PAPANTLA, Mexico – Relatives of missing people have been forced to dig in search of their graves in Veracruz, a Mexican community mired by drug trafficking violence.
Search groups, members of the National Guard and the Attorney General’s Office combed the undergrowth and litter in Paso de Coyutla for human remains and illegal cemeteries.
Around 300 relatives from 27 states braved scorching heat to take part in the largest search of its kind.
There are 61,637 missing people in Mexico, according to the Mexican Secretariat for Home Affairs.
Families have concentrated their work in northern Veracruz, a community plunged into drug trafficking violence and where the highest number of clandestine graves in the country are located.
They started in the early hours and worked until late in the evening, wearing hats and scarfs to protect themselves from the sun.
Maricel Torres, a member of the Maria Herrera collective in Poza Rica, said they came to the area after an anonymous report about the possible presence of the remains of a young woman.
The majority of the 601 clandestine graves discovered in Veracruz in recent years have been located thanks to anonymous messages.
One of them was a mass grave in Colinas de Santa Fe, in the port of Veracruz, where 298 skulls and 22,900 bone remains were found.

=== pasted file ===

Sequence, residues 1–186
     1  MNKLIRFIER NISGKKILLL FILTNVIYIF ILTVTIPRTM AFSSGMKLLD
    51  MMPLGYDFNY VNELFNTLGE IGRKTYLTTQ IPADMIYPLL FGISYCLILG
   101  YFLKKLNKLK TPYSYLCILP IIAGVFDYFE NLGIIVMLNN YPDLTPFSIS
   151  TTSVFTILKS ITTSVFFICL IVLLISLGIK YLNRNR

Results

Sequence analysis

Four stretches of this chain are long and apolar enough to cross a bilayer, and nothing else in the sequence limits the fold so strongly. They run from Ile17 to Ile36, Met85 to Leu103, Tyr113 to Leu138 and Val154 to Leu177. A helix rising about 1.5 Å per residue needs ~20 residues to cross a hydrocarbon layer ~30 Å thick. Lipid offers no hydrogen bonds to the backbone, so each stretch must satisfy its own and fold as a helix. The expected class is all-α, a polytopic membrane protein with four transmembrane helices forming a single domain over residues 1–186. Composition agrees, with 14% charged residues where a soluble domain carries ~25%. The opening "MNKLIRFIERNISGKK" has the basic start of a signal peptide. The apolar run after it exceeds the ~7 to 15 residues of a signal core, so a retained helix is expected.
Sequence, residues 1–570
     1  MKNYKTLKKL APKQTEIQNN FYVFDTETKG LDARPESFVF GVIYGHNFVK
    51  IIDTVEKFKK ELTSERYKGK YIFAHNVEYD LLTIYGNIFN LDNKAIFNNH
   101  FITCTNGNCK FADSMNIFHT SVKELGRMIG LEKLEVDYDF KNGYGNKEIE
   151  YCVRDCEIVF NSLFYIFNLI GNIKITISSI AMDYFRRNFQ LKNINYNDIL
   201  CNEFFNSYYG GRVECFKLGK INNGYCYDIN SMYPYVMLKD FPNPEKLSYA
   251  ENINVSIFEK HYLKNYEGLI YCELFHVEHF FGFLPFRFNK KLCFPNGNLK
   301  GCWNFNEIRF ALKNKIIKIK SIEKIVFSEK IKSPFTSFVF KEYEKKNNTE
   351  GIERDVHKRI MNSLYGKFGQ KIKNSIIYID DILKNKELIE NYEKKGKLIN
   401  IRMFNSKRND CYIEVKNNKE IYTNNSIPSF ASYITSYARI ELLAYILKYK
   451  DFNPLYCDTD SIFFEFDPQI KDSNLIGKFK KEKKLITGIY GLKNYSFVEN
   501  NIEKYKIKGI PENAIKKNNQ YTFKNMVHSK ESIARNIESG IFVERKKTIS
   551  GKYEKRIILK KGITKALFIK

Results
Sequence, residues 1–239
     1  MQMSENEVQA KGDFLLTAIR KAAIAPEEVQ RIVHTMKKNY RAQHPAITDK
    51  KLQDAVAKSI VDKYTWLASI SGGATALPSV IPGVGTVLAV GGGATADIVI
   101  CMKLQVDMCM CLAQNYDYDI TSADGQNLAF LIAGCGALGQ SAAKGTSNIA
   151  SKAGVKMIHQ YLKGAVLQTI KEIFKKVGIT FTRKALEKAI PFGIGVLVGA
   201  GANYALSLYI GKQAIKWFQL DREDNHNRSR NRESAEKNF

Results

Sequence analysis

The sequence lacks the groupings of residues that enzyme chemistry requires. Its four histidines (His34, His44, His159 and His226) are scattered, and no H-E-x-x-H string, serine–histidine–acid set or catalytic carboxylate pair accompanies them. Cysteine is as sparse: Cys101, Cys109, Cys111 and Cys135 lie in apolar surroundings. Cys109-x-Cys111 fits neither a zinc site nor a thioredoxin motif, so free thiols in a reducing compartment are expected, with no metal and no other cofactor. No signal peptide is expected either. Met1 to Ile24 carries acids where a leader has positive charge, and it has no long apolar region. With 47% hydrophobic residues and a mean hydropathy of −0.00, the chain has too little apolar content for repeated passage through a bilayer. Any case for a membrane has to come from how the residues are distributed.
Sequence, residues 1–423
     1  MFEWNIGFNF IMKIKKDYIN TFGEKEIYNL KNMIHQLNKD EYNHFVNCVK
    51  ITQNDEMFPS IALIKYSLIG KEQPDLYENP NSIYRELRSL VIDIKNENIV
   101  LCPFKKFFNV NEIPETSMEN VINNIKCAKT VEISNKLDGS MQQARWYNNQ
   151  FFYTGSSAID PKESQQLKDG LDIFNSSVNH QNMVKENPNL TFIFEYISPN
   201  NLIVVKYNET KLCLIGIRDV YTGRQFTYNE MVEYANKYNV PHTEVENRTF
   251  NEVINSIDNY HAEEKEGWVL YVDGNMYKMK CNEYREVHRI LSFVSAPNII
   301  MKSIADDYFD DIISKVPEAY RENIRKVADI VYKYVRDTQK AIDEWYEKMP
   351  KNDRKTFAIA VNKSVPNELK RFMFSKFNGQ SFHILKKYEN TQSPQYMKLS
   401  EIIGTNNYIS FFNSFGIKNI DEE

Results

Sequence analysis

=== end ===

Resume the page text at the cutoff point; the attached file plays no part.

A total of 518 bodies, 560 skulls and 53,606 remains of men, women and children have been found illegally buried in the past eight years in the Veracruz area, which is disputed by Los Zetas, Gulf and Jalisco New Generation cartels.
The group of volunteers made a sweep on the site, accompanied by police dogs, with the hope of finding their missing loved ones.
Mario Vergara, a member of the search team, said: “We discovered that the authorities were doing a bad job, it can’t be that the families are now the experts and find what they can’t find.”
Vergara has been looking for his brother Tomas who disappeared on 5 July 2012 in the state of Guerrero.
He said that after years of searching families stopped looking for the culprits and have focused on finding their missing relatives.
A team of forensic experts has also been added along with trained members of state public security services.
During the search an announcement went out that human remains had been found on a mountainside.
The area was cleared and forensic teams began analyzing the remains and the location.
As the search continued families shared horrifying stories about people who had disappeared.
One said that in Guerrero, on the Pacific coast, they found human remains that had been thrown into latrines in an abandoned village.
Another said that in Sonora, in northern Mexico, bodies were found doubled over, blindfolded and handcuffed in small holes.
Relatives remained stoic, despite the intense heat, fatigue and emotional pain they were suffering.
They still had days ahead, because the search will continue until February 22.